Encountering Disgrace

April 2009
372 pages
9x6 in
Library eBook
Camden House
BISAC LIT004010, SOC032000, SOC031000

Encountering Disgrace

Reading and Teaching Coetzee's Novel

Edited by Bill McDonald

First book of essays devoted to Coetzee's controversial novel, combining critical and pedagogical approaches.
Ever since it was first published in 1999, Nobel laureate J. M. Coetzee's novel Disgrace has provoked controversy. Set in post-apartheid South Africa, it follows Prof. David Lurie as he encounters disgrace through his sexual exploitation of a student and then through the shocking gang-rape of his only daughter. The novel's uncompromising portrayal of the "new" South Africa outraged many, who found the book regressive, even racist. It also challenged readers worldwide to confront its hard questions. This first book of essays devoted to the novel ambitiously brings together criticism and pedagogy. The ten critical essays and eight essays on teaching Disgrace grapple with the ethical issues the novel so provocatively raises: rape, gender, race, animal rights. Disgrace is widely taught in colleges and universities and read in book clubs; the debates it has given rise to will take on fresh life with the release of the upcoming film starring John Malkovich. Unusually, the eighteen contributors to the collection are all faculty members or graduates of the same institution, the Johnston Center for Integrative Studies at the University of Redlands, and have worked together closely in crafting their essays over the past two years. The volume will be exceptionally useful to teachers of literature, philosophy, and South African culture, to book club leaders, and to all readers of Coetzee.

Contributors: Nancy Best, James Boobar, Bradley Butterfield, Jane Creighton, Matthew Gray, Pat Harrigan, Gary Hawkins, Rabbi Patricia Karlin-Neumann, Daniel Kiefer, Bill McDonald, Michael G. McDunnah, Kim Middleton, Kevin O'Neill, Raymond Obstfeld, Kathy Ogren, Kenneth Reinhard, Sandra D. Shattuck, Patricia Casey Sutcliffe, Julie Townsend.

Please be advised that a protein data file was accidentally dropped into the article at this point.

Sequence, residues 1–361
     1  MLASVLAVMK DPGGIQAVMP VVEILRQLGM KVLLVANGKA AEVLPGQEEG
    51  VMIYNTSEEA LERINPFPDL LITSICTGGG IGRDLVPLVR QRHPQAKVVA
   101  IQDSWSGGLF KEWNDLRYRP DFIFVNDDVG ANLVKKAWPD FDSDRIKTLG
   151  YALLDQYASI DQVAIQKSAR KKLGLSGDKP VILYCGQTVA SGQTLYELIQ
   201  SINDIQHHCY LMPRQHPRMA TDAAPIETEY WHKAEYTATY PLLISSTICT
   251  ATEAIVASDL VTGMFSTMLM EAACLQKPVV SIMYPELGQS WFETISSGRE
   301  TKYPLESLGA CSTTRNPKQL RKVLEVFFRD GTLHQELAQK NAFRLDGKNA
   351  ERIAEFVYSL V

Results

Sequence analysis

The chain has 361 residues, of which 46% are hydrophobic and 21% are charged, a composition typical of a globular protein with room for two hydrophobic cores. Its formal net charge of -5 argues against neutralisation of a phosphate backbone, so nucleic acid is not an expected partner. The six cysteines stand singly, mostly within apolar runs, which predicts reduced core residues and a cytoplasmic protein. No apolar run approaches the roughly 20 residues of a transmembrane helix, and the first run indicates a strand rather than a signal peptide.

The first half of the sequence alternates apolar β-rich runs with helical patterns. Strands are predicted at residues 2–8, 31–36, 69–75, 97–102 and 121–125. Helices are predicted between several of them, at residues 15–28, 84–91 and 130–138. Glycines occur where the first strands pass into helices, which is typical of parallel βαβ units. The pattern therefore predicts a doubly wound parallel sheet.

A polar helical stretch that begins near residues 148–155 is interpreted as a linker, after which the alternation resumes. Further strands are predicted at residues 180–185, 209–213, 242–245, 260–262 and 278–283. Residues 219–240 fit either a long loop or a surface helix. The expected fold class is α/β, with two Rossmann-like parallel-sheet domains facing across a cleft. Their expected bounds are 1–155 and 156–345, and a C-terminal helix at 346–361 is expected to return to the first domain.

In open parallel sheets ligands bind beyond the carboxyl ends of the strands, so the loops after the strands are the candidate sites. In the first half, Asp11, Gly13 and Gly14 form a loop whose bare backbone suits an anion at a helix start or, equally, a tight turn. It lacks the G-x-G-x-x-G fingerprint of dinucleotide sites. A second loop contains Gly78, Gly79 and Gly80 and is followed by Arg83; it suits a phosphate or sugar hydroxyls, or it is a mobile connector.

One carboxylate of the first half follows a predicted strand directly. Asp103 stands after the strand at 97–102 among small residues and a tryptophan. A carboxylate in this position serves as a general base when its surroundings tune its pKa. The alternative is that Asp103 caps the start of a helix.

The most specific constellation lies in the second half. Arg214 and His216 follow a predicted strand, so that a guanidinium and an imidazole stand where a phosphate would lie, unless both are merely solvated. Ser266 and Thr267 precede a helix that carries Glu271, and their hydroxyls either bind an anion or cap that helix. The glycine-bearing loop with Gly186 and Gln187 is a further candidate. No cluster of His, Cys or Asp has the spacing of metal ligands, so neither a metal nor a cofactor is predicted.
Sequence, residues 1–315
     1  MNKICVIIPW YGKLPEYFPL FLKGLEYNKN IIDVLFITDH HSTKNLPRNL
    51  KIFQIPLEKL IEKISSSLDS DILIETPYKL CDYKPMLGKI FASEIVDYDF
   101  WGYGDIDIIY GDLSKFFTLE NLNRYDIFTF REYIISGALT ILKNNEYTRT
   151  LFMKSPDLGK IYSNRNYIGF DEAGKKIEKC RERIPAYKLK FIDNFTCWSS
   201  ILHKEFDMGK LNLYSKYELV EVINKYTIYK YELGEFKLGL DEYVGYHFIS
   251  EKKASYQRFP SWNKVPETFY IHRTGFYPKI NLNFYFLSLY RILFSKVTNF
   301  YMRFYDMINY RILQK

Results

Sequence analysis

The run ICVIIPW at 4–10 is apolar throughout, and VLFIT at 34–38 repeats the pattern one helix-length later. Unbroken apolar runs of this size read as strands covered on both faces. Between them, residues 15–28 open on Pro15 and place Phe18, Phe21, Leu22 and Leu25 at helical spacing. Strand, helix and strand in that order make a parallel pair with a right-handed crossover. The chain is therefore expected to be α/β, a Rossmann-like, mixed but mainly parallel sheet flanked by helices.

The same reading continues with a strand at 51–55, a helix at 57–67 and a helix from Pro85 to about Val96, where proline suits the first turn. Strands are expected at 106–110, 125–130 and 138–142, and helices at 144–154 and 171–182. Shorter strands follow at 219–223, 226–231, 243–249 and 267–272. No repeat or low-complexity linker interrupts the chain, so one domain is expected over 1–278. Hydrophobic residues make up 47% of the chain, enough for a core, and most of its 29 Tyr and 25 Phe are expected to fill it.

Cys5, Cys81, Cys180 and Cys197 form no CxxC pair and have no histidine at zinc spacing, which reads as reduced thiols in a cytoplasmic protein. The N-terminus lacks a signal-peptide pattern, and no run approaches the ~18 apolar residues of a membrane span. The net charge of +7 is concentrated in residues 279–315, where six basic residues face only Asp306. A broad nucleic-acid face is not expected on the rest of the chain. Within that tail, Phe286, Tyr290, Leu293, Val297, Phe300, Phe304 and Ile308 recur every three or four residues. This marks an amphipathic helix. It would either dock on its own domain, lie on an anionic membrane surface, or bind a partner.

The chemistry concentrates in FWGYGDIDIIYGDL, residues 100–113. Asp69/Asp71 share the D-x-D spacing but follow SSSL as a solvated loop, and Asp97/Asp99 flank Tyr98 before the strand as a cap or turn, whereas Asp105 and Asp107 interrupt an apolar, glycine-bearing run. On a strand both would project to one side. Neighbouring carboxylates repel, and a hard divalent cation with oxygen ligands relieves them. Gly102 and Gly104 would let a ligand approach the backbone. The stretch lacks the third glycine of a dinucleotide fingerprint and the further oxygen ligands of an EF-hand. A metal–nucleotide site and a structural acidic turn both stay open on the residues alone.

Bill McDonald is Emeritus Professor of English at the University of Redlands, Redlands, California.

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Table of Contents

Introduction - Bill McDonald
"We are not asked to condemn": Sympathy, Subjectivity, and the Narration of Disgrace - Michael Middleton
Beyond Sympathy: A Bakhtinian Reading of Disgrace - James Boobar
"Is it too late to educate the eye?": David Lurie, Richard of St. Victor, and "vision as eros" in Disgrace - Bill McDonald
Disgrace and the Neighbor: An Interchange with Bill McDonald - Kenneth Reinhard
"To Live as Dogs or Pigs Live Under Us": Accepting What's on Offer in Disgrace - Patrick Harrigan
Tenuous Arrangements: The Ethics of Rape in Disgrace - Kim Middleton and Julie Townsend
Dis(g)race, or White Man Writing - Sandra D. Shattuck
Clerk in a Post-Religious Age: Reading Lurie's Remnant Romantic Temperament in Disgrace - Gary Hawkins
Saying it Right in Disgrace: David Lurie, Faust, and the Romantic Conception of Language - Patricia Casey Sutcliffe
The Dispossession of David Lurie - Kevin O'Neill
Community Reading: Teaching Disgrace in an Alternative College Classroom - Matt Gray
Out of the Father's House into a Community of Readers - Kathy Ogren


[This collaborative writing project of professors and graduates of the Johnston Center for Integrative Studies at the University of Redlands, California] addresses some of the most pressing questions faced by the reader of Disgrace - in particular, the question of empathy with the central characters - and provides frequent insights into the finer points of Coetzee's writing. The volume is also testimony to the extraordinary richness of the novel . . . . Would that our educational institutions allowed more opportunities for this kind of extended collaborative engagement with great works of art. ENGLISH [Derek Attridge]